So how’s Cameron doing after 100 days?

So how’s Cameron doing after 100 days?

chart gen elect march 13 06.png

    Progress Yes – but where’s the next 5% going to come from?

On Thursday David Cameron completed his first 100 days as Conservative leader and it’s perhaps a good moment to look at how he’s doing and whether his party is any nearer to power.

The above chart illustrates the implied probability of which party will win most seats at the next General Election based on best prices on the betting exchanges. It shows a very significant move to the Tories in the immediate aftermath of Cameron’s leadership victory but almost no progress since then. Punters still think that Labour will win most seats.

On the new General Election outcome exchange market punters rate Cameron’s chances of winning an overall majority at 3.4/1. Labour is currently a 1.82/1 shot while the favourite is a hung parliament at 1.34/1.

All the pollsters that have regular monthly slots in national newspapers – ICM, Populus and YouGov – have shown a 4-5% gain by the Tories since October and this seems to be being sustained. Unlike MORI, which has shown big fluctuations, these three firms use either party identifier or past vote recall to correct any sample bias.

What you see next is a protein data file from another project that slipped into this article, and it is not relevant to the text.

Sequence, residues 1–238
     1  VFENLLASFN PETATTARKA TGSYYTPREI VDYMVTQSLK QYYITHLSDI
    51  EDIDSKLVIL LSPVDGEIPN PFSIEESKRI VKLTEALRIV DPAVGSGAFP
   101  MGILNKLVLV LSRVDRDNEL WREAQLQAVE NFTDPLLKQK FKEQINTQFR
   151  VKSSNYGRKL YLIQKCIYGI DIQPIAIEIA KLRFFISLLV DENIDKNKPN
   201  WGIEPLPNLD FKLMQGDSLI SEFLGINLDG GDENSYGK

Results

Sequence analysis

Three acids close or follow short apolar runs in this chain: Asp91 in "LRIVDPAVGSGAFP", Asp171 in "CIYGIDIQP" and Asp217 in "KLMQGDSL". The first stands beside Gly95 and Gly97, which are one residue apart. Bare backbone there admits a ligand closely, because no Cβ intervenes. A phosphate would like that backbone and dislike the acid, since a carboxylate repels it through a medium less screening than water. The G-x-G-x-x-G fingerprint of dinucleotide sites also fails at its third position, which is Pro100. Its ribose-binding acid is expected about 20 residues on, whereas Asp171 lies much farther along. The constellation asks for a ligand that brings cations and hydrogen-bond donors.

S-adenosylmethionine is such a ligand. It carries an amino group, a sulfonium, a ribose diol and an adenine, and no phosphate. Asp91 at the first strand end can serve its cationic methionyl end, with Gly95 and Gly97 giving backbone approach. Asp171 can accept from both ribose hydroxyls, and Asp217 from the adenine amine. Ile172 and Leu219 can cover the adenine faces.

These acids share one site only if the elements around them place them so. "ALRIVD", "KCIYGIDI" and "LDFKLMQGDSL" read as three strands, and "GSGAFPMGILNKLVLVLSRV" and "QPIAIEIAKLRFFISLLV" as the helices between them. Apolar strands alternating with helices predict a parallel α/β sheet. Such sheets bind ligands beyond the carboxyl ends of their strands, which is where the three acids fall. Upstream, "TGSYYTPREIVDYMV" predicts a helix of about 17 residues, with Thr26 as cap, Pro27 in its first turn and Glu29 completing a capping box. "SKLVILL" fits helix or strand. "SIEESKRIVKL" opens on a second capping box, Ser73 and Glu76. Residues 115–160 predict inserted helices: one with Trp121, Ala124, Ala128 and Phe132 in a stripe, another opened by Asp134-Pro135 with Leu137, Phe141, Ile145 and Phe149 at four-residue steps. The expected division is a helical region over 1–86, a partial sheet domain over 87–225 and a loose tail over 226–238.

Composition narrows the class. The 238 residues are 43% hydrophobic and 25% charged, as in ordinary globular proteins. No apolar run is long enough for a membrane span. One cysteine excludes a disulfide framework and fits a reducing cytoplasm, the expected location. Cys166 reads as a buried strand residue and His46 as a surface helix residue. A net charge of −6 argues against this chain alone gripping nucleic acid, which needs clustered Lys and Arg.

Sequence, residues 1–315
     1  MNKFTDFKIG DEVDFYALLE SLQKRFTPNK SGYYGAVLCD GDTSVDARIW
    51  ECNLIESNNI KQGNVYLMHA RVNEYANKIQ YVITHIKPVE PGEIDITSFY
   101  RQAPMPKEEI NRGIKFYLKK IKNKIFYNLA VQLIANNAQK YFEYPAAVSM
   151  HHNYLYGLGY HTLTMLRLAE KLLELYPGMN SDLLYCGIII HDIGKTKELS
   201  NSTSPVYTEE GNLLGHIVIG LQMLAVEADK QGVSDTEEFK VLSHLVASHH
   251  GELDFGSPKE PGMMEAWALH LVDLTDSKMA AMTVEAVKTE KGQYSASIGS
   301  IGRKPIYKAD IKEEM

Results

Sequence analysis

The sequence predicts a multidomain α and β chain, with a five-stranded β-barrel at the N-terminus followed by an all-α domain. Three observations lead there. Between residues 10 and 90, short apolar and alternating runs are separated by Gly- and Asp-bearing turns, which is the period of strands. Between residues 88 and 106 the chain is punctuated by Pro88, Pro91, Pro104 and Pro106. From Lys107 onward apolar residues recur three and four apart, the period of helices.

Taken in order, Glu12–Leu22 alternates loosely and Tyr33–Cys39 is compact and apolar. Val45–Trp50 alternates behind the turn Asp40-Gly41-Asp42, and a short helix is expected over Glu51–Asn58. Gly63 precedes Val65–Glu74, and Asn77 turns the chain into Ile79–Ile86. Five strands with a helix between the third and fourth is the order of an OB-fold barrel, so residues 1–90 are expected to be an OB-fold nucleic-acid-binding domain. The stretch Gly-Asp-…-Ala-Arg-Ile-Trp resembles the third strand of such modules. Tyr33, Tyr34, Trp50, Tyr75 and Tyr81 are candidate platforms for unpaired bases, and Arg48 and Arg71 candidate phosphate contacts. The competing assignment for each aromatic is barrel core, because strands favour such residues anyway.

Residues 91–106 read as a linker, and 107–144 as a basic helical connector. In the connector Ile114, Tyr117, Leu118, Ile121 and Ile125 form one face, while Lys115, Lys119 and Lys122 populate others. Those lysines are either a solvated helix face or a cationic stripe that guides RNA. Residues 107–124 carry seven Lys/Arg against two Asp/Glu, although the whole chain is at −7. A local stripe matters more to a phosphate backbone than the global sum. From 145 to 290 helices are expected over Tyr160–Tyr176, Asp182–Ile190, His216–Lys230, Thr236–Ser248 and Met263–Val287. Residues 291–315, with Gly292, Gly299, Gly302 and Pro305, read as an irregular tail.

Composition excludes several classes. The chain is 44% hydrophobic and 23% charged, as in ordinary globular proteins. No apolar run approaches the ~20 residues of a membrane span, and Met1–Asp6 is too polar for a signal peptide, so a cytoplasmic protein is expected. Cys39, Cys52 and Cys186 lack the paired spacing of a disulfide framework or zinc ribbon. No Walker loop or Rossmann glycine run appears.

The number I watch closely is the aggregate Lab/LD figure which was 58-59% in the months leading up to the last General Election and topped the 60% in most polls during last summer. That is now at 54-55% and does seem to reflect a major shift.

    But being at 38% is simply not good enough for the Tories. At this level, depending on how the Lab-LD aggregate splits, they would be hard pressed to be the leading party never mind having the Commons seats to form a majority.

The big question is where the next 5% of support is going to come from? While Tony Blair remains at the helm it is hard to see the Tories sustaining ratings beyond current levels. It might be that the polls are right and a Brown Labour leadership could see further progress for Cameron – we simply don’t know.

There’s also been very little public opinion testing since Ming Campbell’s succession to the Lib Dem leadership.

In the meantime we can look forward to the budget in just over a week’s time when David Cameron will be pitted against Gordon Brown for the first time. How will both the men who hope to lead the country after the next election do when they come face to face?

Mike Smithson

Mike Smithson

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